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Midtown South

Midtown South

Lower Manhattan’s Development Lifts Soho Retail

Crowds of people in Soho.

While Soho’s transformation from gritty bohemian enclave to international shopping center is all but complete, the continued development of Lower Manhattan ensures that the area will continue to attract top retailers for top-dollar rents.

“The development that is now occurring in the Financial District creates a connection with Soho because the proximity is fairly close,” said Andrew Mandell, the managing partner at Ripco Real Estate and the chairman of the Real Estate Board of New York’s stores committee. “You’ll see over the years that there will be an overlap of shoppers that visit the Financial District and the [9/11] Memorial pools. Because it’s so close to Soho, there will be an overlap and we may see an increase in shoppers.”  Read More

Midtown South

Midtown South’s Rising Stars

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Walk north on Broadway from Madison Square Park, and it’s hard to fathom that some of the highest retail rents in the city are paid just a few blocks away. Generic retailers with names like Fashion City, Master Clothing and Lucky Trading are more reminiscent of the Garment District to the north and Canal Street to the south than they are of big names on Fifth Avenue.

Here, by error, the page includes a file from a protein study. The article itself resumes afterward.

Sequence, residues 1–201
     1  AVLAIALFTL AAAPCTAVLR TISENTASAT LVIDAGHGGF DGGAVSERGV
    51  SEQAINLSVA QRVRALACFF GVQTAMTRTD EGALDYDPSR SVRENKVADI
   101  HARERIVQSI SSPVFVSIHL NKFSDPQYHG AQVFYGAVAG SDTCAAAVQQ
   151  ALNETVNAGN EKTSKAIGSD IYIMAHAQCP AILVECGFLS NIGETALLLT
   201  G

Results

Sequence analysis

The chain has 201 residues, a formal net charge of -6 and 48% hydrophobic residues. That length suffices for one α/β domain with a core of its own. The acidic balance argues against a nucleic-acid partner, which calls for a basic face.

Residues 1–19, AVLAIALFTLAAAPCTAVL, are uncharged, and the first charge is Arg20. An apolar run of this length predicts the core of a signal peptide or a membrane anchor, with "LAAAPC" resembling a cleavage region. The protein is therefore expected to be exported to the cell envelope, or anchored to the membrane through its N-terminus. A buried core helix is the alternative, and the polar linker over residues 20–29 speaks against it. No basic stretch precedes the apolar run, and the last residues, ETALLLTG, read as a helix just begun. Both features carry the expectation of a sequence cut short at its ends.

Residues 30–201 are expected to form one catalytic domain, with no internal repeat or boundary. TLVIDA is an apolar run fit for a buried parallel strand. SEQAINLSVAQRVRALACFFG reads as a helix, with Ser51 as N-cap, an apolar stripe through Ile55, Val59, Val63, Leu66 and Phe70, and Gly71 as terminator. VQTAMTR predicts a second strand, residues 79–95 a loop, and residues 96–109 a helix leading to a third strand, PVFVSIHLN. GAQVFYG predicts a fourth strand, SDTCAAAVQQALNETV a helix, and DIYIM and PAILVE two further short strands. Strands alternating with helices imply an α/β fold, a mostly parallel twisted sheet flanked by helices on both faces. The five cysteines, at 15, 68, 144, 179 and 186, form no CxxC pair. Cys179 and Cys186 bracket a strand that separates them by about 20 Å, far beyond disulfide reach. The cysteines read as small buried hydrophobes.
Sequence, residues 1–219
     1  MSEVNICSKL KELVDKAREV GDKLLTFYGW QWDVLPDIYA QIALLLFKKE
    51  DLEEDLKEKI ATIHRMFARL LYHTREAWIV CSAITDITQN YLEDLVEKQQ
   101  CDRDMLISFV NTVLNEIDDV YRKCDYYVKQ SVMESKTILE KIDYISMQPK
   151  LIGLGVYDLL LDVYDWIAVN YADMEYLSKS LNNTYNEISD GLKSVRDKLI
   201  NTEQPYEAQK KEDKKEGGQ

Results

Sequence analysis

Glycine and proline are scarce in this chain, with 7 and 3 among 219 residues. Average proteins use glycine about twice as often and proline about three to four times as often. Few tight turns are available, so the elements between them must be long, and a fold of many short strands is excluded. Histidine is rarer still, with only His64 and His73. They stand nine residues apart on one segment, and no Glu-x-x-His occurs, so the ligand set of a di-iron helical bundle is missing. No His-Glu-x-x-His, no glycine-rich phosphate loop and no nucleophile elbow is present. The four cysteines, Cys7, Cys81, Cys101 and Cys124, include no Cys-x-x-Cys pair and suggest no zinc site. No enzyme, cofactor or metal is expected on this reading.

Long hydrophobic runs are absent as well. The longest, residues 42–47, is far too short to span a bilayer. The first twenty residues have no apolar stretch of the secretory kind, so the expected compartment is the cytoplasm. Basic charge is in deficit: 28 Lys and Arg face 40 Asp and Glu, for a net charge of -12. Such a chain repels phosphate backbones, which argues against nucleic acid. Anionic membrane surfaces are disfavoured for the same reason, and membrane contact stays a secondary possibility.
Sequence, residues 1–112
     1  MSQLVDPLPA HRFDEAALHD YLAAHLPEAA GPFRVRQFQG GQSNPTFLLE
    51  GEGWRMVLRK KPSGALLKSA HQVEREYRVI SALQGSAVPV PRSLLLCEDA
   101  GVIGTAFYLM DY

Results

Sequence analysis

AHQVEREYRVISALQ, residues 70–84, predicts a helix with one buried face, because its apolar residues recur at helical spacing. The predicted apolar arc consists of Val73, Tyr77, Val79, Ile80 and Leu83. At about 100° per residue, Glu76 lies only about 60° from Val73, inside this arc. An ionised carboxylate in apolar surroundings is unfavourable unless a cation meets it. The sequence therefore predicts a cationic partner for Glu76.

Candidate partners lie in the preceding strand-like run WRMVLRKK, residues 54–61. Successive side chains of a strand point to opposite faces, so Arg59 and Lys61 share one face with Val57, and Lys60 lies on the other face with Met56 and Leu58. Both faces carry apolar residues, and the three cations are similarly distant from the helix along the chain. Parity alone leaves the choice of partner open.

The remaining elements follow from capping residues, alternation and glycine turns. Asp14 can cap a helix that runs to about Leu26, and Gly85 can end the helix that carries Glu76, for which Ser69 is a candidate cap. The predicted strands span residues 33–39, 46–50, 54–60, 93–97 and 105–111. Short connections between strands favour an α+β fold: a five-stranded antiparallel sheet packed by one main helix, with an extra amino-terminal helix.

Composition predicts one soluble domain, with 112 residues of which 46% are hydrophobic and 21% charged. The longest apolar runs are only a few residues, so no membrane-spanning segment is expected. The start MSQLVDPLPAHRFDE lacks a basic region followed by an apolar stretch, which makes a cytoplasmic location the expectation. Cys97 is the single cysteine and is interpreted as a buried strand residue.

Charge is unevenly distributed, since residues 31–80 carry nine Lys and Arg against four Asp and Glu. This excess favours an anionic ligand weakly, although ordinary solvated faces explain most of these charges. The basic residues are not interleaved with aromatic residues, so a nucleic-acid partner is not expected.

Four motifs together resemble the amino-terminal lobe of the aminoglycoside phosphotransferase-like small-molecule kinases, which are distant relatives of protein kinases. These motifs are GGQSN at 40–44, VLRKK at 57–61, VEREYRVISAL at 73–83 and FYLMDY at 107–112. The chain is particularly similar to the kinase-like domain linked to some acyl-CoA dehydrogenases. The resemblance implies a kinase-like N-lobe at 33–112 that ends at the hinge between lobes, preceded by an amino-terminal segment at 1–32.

In the office space above those retailers, multiple tenants crowd single floors. It’s a far cry from the soaring ceilings and open layouts most commonly associated with tech-heavy Midtown South. Still, it’s a landlord’s market, and the buildings along the Broadway corridor are 95 percent leased and command rent in excess of $50 per square foot. Read More

Midtown South

Midtown South: What a Difference a Decade Makes

Angelo & Maxie's at 233 Park Avenue South

A decade ago, a walk down Fifth Avenue near 17th Street would have included a stop at advertising firm Geer DuBois, and a walk farther north on Park Avenue South would have culminated in a visit to Angelo & Maxie’s Steakhouse.

Both were pioneering tenants, willing to take a chance on the less desirable precincts of Midtown South—and both are gone. Read More

Midtown South

Blurred Lines: What Happens When Flatiron District and NoMad Combine?

(Credit: archdaily.com)

Just a few years ago, the NoMad district was more like a no-man’s land, made up of a less-than-pretty arrangement of gritty wholesalers, hair salons and counterfeiters.

Some of that persists, but the before-and-after contrast with the new wave of retailers and clientele in the neighborhood couldn’t be starker, as its boundaries with the similarly much-improved Flatiron District begin to blur.

“They’re starting to blend into each other,” said Michael Azarian, director of retail leasing at Massey Knakal. “The neighborhood has seen a flood of new boutique office tenants, [and] new residential and hotel developments that have been catalysts for change.” Read More

Midtown South